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Food delivery drivers in Bangkok keep safe distance: As borders close, economies in Asia that have thrived on openness and connectivity are having to undo decades of integration. (Photo by Akira Kodaka)
The Big Story

How the coronavirus is reshaping Asia's borders, business and trade

As countries turn inward, pandemic threatens the foundations of globalization

PETER GUEST, Nikkei staff writer | Southeast Asia

TOKYO -- From his apartment in Manila's Bonifacio Global City, Eric Go can still see planes going past his windows. Like many in Southeast Asia's middle class, Go, who grew up in the U.S. and works for an e-commerce company, has been used to near-seamless mobility: ride-hailing, low-cost airlines and direct flights back to his family in New York.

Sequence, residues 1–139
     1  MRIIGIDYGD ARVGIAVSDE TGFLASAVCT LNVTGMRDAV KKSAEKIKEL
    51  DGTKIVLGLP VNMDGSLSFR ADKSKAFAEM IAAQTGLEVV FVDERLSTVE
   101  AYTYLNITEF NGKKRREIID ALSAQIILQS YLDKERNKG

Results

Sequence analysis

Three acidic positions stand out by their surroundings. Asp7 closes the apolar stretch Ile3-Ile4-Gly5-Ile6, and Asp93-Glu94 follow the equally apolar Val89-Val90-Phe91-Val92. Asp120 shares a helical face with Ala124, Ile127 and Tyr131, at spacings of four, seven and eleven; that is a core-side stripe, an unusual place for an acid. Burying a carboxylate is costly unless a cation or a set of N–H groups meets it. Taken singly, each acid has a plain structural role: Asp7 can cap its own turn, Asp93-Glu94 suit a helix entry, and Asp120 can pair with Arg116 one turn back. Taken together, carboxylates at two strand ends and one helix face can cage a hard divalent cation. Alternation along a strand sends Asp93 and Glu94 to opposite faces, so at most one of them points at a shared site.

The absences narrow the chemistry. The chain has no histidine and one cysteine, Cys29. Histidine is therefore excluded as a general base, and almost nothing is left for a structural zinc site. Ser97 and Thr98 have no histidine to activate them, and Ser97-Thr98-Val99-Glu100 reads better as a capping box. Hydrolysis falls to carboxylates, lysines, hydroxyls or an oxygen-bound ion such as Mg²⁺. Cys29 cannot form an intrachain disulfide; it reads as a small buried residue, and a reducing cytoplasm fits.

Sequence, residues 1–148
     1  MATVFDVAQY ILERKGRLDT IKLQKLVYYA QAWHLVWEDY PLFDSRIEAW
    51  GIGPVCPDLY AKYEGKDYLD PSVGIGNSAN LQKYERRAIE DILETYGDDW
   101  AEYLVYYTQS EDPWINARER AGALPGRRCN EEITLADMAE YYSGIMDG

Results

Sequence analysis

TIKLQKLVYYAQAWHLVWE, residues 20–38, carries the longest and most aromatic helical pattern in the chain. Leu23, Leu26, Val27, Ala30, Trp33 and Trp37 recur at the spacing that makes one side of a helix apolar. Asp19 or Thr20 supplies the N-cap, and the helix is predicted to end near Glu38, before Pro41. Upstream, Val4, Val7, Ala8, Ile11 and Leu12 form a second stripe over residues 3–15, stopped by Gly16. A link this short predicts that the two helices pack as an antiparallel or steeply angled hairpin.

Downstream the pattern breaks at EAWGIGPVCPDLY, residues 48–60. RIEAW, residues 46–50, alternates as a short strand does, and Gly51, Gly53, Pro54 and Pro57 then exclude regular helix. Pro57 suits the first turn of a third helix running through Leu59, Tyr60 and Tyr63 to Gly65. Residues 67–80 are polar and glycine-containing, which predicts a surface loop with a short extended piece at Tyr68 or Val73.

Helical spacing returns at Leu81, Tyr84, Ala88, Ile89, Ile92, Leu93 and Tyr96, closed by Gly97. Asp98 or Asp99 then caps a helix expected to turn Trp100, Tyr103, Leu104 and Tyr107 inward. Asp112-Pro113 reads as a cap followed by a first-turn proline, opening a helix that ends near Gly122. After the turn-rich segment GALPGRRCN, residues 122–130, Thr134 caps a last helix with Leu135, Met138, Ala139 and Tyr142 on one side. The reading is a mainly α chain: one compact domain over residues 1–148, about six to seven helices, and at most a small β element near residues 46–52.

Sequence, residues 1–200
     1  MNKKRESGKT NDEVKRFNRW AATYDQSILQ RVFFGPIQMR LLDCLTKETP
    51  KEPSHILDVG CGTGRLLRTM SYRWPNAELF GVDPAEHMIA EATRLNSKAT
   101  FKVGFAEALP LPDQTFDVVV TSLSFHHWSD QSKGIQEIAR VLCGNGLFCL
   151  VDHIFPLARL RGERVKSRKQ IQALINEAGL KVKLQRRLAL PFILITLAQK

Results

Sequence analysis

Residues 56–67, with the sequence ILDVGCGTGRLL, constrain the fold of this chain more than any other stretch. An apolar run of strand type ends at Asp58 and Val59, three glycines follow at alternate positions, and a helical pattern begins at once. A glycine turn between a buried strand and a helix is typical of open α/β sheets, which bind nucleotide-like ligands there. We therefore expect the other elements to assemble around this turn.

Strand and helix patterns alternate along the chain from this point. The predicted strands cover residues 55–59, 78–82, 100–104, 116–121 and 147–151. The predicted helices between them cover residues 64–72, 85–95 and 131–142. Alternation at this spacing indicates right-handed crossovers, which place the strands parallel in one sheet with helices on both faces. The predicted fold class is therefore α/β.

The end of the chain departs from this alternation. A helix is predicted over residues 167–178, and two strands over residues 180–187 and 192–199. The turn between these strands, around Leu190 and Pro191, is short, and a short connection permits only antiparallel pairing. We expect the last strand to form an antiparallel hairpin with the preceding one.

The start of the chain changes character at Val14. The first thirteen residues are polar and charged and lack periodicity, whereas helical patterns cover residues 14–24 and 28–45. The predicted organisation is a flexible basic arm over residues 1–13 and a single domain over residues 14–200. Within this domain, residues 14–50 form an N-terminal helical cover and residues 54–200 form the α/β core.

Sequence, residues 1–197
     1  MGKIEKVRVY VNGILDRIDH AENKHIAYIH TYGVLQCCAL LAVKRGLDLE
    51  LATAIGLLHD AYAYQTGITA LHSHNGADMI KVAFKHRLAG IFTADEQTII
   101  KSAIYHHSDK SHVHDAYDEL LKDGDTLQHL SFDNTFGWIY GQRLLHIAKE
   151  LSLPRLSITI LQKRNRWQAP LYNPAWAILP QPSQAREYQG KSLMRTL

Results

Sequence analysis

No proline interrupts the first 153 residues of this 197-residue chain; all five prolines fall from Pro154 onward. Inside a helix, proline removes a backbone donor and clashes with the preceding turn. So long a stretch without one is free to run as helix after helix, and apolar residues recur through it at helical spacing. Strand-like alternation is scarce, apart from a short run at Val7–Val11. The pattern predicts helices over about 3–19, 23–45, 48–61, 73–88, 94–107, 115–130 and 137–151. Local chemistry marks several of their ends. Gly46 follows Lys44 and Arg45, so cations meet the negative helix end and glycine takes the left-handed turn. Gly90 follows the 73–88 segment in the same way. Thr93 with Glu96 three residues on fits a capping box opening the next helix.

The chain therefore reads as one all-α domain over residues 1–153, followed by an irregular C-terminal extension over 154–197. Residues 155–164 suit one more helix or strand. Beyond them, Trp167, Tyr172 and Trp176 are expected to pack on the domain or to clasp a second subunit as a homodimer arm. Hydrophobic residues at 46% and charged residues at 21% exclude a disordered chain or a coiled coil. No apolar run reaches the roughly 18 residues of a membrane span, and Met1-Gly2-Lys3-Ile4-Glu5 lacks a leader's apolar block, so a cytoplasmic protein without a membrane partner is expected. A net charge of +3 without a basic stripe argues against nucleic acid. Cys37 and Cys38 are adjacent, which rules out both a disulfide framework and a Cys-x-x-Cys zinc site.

"It was never really an issue. I can hop on a plane and go wherever I want to go. That's how I see freedom," he said. "It's like, OK, there's turmoil in Manila, or it gets too hot, I can leave. And now I can't leave at all."

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